Sunday January 29. Panama

Written by Jack van Ommen on January 29th, 2017

I left Golfito at 13.45 on Monday the 23rd, after being sent “van het kastje naar de muur” to check out. I first went to immigration, they told me to go first to the harbor master who told me to go first to immigration. Since customs was a long back track I decided to clear out with them they sent me back to the harbor master. I also had to spend waiting in the local bank to pay a $20 fee for the coast guard. All agencies were very kind and understanding but the whole process took 2 1/2 hours and lots of bicycle exercise. Thank God for my nifty stainless mount.

Winds were light. On Tuesday I caught a 12 inch blue fin tuna. It is all recorded on video. The sea and wind conditions were absolutely perfect. You will see it whenever I can win my battle with MS Windows 10 versus my USB connections. But on Wednesday the weather changed after rounding Punta Mariato. The winds increased and the seas got meaner. Much is written about rounding Cape Malo. The only place to hide before this cape is Bahia Benao. But this would be an anchoring in the dark and I decided to push on and figured that the winds would be less during the night. Not this time, the wind increased and was on the nose and the waves were steep and close together. There was no way to motor through it. I set the storm jib and took the main down and used the engine to maintain speed. But when I got closer to Cape Malo the electronic charts showed that I was going west instead of north. But when I looked ahead the bow was pointing north. The strong current here, around for knots, was pushing me side ways. I decided to try get away further west from the cape by easing the jib sheets to pick up more boat speed and get into less current. But the cape was disappearing to the east fast and before I knew it I was right on the edge of the commercial traffic lanes going to and from the canal. A steady stream of freighters. I turned back and I ended up closer to the Cape but miles below where I was before. You can see this weird exercise of going in circles on https://share.garmin.com/JackvanOmmen.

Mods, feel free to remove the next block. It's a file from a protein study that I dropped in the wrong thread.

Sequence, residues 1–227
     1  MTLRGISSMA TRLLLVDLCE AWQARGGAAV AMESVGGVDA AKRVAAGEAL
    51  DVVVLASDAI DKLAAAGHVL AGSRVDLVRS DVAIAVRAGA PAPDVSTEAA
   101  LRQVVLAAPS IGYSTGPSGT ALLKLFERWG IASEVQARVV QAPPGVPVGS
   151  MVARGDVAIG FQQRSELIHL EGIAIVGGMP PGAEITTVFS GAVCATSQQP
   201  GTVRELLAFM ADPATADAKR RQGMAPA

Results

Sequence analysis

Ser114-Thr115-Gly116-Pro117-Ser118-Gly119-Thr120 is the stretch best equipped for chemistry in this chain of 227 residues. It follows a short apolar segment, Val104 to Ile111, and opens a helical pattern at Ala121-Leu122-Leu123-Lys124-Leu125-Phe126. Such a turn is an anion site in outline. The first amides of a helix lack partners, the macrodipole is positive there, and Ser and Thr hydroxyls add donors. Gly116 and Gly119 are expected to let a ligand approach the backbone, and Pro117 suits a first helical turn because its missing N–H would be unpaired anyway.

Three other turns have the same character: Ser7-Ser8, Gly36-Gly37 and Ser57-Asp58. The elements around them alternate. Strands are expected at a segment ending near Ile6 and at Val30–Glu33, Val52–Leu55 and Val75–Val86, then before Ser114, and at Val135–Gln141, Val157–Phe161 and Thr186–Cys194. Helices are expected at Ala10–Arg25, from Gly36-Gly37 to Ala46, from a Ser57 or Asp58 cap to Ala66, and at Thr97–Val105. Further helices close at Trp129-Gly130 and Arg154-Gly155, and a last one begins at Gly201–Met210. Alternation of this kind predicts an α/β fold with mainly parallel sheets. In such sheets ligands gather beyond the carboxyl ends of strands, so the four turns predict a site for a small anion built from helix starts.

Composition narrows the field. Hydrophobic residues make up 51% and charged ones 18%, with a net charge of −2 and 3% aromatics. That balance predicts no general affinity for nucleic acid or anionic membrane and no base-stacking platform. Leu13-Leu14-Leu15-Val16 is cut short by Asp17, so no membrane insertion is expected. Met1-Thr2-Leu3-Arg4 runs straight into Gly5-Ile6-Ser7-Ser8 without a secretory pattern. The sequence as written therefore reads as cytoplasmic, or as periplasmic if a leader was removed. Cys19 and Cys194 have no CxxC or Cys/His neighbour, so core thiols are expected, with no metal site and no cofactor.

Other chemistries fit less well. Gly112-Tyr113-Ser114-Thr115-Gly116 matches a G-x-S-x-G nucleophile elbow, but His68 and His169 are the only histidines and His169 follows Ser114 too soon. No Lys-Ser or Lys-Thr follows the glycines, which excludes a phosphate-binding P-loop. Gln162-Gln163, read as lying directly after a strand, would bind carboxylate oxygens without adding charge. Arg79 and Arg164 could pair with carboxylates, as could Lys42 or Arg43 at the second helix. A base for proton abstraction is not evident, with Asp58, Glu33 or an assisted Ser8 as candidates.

One would never expect these kind of current and tide conditions in the tropics. The maximum tidal difference here is 20 feet, if I am not mistaken that is 2 feet more than the Puget Sound. I must have hit it at the worst time. When the morning dawned I realized that I could raise the main with one reef in it. The boat came alive and sliced through the nasty steep waves like a knife through butter, assisted by the engine. I was fixed on the laptop screen and slowly started seeing me gaining some ground. But the waves got nastier, steeper. I would fall of the crests with a slam that felt like hitting concrete. The boat was at a steep heel, tacking up wind. Waves were slamming the bow, when I stuck my face over the dodger I got a snoot full and when I had to go to the fore deck to refasten the genoa I was totally soaked in salt water. The port red navigation light went out, probably because it was more under than above water, I tried to hook up an emergency battery powered light. Did not work but I was totally soaked. Until I found a spot on the stern pulpit.  Always dragging my safety harness tether and headlamp. I slept some on the alarm but was regularly awakened by some unfamiliar sound. Yesterday morning, while trying to grind coffee, a sudden nasty smacker threw me backwards from the galley into the chart table. I jack (punt intended) knifed my body. The back of my head hit hard and my left bun is blue and my left shoulder blade is hurting. But my lower back sustained some injury. The pain is just like when I had a pinched nerve in my lower back, in the sixties. I have Ibuproveno on board and that helps. I became very tired of this continuous sailing on the edge. And I have an additional problem. When I run the engine, cooling water is running into the bilge. I have to continually pump and sponge the bilges. Just the oil is cooled and the oil cooler needs to be replaced. Not that easy to find for an engine that was taken out of marine application, 50 years ago.